Storm rips through Lawton neighborhood

Lawton_In Texoma on Wednesday and into Thursday morning, heavy rains led to flash flooding, and strong winds prompted tornado sirens to blare in Comanche County.  Although there weren't too many reports of storm damage, people living in about half of a square block in a west Lawton neighborhood saw their fair share.  Everything from aluminum storage sheds thrown several houses down, to trees and clothesline poles ripped from the ground.

Damage was confined to a small pocket of homes just off of 52nd Street between Cache and Gore.  Linda Herrington was having a difficult time sleeping at around 12:45 Thursday morning.  "The rain was coming from the south hitting the back of my house, and all of a sudden it turned and was coming from the north," she says.  She says she could handle the rain, but couldn't tolerate the pressure change.  "There was, like, pressure in my house and it was hurting my ears and then whistling," she says.  "My ears were popping, and it seemed like my house was going 'wooh wooh.'"

Herrington says it only lasted a short while, and she had no idea what had happened outside until later that morning.  An aluminum shed from two houses to the west was laying the backyard of a home across the alley two houses to the east.  Her cable and phone lines were dangling in the wind, and a neighbor's clothesline pole - that had once been secured with concrete - was laying on its side, along with part of her chain link fence.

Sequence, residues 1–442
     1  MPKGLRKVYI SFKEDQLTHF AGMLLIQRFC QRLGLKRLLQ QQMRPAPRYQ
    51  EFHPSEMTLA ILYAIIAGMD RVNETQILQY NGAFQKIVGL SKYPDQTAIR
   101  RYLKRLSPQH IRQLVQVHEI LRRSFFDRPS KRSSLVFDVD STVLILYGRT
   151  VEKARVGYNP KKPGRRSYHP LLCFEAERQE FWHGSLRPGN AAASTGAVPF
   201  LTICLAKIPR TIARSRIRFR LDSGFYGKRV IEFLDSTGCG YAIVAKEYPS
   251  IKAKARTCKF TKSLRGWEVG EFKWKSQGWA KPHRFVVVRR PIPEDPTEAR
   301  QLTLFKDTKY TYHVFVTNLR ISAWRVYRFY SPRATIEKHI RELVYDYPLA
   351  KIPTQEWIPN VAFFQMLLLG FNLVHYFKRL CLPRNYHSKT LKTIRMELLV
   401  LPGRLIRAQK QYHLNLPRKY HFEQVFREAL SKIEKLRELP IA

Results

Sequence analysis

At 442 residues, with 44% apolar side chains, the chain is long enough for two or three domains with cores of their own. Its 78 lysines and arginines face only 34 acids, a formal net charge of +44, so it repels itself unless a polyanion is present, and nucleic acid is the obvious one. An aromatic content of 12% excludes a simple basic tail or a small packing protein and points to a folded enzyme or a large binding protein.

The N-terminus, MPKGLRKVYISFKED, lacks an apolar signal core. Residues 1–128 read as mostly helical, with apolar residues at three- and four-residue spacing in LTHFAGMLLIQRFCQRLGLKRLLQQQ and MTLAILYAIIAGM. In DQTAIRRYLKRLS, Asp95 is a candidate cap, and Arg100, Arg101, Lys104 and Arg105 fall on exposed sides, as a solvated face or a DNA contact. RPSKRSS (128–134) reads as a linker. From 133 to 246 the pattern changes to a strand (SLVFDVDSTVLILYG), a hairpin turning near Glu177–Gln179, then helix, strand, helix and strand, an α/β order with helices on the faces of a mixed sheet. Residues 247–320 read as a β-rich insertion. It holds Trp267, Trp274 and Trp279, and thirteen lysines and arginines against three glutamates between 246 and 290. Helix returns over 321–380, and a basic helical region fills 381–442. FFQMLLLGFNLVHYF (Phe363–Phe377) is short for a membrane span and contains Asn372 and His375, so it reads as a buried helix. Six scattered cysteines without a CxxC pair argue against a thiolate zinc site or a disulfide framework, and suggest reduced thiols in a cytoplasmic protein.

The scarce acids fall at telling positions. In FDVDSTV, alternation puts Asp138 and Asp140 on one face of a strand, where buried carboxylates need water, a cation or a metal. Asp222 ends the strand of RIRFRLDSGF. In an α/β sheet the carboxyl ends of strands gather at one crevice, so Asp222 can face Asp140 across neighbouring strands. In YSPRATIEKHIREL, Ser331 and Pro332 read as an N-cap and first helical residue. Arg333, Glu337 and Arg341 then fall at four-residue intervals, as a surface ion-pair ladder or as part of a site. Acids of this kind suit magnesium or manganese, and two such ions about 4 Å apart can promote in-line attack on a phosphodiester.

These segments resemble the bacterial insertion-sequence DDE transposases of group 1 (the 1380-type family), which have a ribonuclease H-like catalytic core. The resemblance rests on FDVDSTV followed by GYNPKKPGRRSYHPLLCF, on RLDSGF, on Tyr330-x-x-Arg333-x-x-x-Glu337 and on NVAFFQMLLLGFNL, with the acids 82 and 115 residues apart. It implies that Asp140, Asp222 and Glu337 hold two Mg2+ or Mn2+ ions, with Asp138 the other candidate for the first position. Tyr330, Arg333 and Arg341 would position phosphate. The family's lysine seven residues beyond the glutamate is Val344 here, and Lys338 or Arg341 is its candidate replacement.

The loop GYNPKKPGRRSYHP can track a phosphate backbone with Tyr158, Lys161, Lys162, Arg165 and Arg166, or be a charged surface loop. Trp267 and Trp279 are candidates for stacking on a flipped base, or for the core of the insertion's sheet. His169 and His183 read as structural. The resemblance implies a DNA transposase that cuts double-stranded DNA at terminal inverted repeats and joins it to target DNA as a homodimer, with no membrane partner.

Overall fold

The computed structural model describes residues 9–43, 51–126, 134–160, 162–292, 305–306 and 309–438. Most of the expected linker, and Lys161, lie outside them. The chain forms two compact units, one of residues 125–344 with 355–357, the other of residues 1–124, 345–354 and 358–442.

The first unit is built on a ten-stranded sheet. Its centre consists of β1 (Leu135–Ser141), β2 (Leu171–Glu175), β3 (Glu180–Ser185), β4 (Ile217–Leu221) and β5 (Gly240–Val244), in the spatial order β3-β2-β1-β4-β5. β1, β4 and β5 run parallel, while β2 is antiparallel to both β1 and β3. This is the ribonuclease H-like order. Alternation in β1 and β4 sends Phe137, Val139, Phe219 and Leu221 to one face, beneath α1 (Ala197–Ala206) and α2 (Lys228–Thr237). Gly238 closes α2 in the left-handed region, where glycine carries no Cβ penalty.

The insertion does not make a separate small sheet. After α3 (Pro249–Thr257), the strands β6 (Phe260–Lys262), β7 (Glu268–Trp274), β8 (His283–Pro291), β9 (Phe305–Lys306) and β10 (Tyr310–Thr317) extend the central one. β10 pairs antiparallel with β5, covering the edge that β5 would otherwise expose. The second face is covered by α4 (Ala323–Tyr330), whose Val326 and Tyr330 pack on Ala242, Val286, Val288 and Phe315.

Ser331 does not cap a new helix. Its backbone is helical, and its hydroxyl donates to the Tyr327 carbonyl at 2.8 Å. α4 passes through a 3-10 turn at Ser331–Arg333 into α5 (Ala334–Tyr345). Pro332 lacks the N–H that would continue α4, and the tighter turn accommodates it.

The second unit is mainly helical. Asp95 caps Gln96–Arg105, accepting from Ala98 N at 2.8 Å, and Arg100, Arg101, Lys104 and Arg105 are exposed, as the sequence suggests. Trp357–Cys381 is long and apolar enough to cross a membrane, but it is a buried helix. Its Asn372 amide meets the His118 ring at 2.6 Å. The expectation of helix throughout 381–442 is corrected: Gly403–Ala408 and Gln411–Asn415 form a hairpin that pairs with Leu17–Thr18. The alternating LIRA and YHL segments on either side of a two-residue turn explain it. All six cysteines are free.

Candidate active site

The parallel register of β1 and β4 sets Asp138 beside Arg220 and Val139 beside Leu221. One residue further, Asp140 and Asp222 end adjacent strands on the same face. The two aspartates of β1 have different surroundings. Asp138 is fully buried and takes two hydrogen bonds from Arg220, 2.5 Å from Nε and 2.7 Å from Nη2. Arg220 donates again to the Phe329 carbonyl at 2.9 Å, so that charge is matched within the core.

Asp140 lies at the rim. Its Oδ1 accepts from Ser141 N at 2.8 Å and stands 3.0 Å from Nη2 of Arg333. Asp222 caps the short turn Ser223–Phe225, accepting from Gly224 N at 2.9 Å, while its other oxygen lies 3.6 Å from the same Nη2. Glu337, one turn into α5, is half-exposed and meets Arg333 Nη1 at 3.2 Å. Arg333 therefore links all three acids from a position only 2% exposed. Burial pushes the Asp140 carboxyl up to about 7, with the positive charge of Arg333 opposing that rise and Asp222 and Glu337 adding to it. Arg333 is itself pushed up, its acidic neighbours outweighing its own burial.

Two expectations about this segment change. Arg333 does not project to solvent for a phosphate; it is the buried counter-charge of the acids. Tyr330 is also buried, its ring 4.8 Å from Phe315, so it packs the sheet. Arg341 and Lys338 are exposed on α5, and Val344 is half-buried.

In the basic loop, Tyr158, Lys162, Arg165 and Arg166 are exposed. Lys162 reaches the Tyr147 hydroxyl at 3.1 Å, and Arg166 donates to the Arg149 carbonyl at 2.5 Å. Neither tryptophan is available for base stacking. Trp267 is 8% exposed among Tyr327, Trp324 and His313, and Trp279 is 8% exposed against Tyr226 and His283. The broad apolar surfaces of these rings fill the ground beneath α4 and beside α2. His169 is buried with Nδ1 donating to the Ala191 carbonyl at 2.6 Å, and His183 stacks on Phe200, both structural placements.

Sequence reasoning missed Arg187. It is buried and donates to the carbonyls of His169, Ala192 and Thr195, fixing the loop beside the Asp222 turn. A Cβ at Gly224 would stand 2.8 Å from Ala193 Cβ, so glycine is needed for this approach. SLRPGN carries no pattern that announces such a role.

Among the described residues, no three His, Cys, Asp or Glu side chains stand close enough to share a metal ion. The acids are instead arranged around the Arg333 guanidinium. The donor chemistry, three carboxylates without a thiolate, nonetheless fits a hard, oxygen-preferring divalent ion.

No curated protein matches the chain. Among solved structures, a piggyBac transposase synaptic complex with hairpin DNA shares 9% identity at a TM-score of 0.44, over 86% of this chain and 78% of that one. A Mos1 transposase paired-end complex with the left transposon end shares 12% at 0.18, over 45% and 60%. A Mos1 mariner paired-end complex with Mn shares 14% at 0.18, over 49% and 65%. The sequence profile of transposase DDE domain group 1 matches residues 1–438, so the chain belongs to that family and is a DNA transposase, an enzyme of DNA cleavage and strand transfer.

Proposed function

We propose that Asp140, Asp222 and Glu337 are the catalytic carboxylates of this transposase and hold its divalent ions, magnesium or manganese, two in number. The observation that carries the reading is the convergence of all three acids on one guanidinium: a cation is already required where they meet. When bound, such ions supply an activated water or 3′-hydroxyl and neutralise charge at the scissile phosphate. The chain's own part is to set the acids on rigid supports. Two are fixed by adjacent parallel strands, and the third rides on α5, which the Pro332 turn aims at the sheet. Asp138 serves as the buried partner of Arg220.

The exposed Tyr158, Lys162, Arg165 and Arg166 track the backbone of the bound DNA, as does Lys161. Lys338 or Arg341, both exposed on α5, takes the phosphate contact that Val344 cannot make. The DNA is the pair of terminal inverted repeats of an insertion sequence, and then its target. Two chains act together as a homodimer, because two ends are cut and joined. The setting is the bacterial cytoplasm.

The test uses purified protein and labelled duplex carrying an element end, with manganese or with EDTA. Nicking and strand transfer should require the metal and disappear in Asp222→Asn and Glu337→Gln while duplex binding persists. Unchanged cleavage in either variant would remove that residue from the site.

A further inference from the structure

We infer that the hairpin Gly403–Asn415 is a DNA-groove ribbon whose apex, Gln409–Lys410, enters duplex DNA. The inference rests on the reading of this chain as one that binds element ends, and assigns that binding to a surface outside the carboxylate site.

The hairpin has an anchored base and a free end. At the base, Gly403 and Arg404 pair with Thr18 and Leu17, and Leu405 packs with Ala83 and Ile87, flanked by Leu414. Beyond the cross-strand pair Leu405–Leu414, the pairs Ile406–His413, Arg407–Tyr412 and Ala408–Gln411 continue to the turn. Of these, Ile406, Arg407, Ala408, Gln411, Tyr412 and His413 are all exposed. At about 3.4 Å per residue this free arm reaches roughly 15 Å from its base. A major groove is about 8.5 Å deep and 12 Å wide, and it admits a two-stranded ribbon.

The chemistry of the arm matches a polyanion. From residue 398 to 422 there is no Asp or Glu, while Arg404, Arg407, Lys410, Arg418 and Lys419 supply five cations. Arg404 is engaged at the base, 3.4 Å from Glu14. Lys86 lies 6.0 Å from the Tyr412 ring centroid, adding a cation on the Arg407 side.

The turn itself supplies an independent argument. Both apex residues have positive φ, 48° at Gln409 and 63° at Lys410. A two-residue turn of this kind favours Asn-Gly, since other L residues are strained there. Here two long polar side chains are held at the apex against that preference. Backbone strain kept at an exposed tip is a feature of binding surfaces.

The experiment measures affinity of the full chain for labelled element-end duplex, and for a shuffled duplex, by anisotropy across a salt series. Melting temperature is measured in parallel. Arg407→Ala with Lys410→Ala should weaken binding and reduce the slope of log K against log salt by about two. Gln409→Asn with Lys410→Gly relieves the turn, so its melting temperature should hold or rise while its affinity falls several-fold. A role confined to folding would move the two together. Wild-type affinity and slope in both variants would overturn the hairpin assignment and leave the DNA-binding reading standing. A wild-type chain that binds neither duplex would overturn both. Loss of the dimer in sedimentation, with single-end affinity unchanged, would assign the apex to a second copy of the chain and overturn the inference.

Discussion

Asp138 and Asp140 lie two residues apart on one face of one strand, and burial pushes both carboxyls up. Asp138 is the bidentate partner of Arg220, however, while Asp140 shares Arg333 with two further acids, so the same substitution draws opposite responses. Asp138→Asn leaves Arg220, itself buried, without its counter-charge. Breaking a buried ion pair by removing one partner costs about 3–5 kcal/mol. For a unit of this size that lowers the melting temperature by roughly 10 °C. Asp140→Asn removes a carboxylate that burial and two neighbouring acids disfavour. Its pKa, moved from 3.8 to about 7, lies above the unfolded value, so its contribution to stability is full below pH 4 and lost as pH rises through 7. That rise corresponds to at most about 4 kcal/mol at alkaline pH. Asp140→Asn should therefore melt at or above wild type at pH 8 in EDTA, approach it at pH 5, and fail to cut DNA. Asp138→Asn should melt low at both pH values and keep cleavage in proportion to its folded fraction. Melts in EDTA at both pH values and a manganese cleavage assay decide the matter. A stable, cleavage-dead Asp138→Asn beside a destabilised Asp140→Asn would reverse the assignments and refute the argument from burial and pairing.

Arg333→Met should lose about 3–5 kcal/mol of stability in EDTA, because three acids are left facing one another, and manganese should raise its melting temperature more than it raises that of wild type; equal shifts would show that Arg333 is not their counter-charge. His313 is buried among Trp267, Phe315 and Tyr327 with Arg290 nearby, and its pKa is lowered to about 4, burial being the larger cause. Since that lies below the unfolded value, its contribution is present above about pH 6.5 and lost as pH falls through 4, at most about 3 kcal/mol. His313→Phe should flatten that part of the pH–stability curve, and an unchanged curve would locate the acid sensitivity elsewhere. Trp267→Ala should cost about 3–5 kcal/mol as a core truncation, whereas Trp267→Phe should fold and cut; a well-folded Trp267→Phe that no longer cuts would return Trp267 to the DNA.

Marci Southerland had a wild night too.  "It was so loud I couldn't sleep, and all of a sudden I heard a big bang, and all of a sudden our alarm goes off," she says.  "Apparently our house got struck by lightning."  Her trampoline was lifted by winds and thrown into a power line before it landed next door.

Down the street, a wooden fence was ripped from the screws holding it together, and a storage shed behind it blew across the street into a neighbor's yard.  However the Southerlands' pet ducks followed the DUCK rule and survived just fine.  Linda Herrington says she's convinced it took more than strong winds to cause all the damage done.  "I've just never of a shed being picked up and being carried over all these lines, and dropped four or five houses down."